As Equity Prices Rise, Downside Risks Mount
U.S. equities advanced yet again last week with the S&P 500 Index climbing 0.7%. Economic data continued to come in better than expected. Consumer confidence reached its highest level since 2001 last month while the ISM non-manufacturing index, which measures business activity and employment trends, showed its strongest reading since late 2015.
We Are Growing Less Positive (But Not Negative) Toward Equities
Equity markets have increased since the U.S. elections for two principal reasons: optimism over a pro-growth legislative agenda from Donald Trump and improving U.S. and global economic and earnings growth.
The Equity Rally Should Persist, but Expect Bumps
As has been the case for the past couple of months, investors continued to be highly attuned to the political backdrop last week. Early in the week, concerns over the president’s immigration and trade policies cased unease, but sentiment improved on Thursday after Donald Trump signaled a near-term announcement on tax reform.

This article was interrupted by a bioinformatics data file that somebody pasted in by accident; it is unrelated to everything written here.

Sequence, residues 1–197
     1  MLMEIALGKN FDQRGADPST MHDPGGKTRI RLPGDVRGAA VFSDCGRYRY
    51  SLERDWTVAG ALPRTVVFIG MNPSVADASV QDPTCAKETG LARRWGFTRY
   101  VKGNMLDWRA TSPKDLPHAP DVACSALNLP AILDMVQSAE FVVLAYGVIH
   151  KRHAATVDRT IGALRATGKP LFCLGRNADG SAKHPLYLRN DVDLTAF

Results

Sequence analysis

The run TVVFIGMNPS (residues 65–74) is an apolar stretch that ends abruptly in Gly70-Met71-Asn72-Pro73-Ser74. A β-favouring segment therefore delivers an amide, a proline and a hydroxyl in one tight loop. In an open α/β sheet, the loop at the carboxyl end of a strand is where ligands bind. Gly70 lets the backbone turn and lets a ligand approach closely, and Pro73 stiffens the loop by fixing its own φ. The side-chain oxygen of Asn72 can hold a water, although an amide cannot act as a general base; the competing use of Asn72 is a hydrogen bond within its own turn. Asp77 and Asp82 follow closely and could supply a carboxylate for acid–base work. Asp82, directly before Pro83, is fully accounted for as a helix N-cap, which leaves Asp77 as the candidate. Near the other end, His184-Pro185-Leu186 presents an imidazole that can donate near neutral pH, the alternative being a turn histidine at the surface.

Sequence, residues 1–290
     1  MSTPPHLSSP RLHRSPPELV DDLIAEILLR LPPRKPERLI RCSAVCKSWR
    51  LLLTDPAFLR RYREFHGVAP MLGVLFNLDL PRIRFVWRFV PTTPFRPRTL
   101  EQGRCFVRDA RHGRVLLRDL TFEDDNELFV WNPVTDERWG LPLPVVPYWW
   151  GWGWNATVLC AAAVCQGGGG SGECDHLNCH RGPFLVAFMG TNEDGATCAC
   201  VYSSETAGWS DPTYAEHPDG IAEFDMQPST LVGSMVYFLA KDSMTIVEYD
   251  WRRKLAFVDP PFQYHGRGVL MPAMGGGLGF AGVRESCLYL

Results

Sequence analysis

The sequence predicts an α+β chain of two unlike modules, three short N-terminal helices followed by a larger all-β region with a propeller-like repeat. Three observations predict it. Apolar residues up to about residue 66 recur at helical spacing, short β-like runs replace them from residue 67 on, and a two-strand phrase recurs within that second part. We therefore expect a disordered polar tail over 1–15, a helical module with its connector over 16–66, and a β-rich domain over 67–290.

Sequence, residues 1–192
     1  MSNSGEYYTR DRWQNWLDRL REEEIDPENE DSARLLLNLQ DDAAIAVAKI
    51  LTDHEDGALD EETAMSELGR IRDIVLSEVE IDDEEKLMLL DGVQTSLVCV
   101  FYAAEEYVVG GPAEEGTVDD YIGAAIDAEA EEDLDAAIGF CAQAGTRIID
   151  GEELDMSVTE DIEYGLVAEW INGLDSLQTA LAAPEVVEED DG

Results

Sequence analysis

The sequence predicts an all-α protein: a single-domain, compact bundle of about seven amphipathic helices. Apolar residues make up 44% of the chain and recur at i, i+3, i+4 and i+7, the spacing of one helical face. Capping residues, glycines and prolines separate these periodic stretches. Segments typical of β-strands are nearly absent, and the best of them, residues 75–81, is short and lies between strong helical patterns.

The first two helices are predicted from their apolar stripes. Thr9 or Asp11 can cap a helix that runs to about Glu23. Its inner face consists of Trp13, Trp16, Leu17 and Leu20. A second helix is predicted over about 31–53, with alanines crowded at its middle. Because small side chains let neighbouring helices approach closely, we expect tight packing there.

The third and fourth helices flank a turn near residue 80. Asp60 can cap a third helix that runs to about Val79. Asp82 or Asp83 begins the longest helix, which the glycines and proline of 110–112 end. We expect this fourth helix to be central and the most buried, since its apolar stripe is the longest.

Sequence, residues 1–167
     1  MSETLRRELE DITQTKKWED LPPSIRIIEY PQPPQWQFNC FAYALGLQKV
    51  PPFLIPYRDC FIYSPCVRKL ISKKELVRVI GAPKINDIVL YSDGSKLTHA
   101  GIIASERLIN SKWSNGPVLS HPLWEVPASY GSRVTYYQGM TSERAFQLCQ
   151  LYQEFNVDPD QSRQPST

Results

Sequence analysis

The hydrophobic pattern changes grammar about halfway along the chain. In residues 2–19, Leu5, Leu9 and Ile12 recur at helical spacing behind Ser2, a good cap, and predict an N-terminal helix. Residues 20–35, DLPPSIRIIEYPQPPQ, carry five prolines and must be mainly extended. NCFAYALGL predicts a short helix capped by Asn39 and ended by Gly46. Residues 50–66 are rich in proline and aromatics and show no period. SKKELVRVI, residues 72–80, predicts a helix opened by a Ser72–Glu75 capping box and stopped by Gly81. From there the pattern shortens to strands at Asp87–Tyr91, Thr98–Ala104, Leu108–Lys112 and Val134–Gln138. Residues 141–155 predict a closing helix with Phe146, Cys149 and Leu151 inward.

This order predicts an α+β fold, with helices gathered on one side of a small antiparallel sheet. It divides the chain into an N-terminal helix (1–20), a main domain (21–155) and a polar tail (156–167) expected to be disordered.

The Post-Election Rally May Be Losing Steam
U.S. equities finished mostly lower last week, with the S&P 500 Index down 0.9%. Rising interest rates and the climbing U.S. dollar weighed on sentiment, and investors started turning from broad hopes of fiscal stimulus and tax reform to wondering about specifics.
Investors Await Election and Fed Rate Outcomes
U.S. equities moved slightly higher last week, with the S&P 500 Index climbing 0.4%.1 Corporate earnings results were solid, while data showed economic stabilization in China. Investors also reacted positively to high-profile mergerand-acquisition news.
What Factors Will Drive Equities from Here?
During the height of the financial crisis, the Federal Reserve and other central banks stepped in to stave off complete global financial catastrophe. In the ensuing recovery, monetary policy has remained extremely accommodative and been largely responsible for an equity bull market that is nearly eight years old.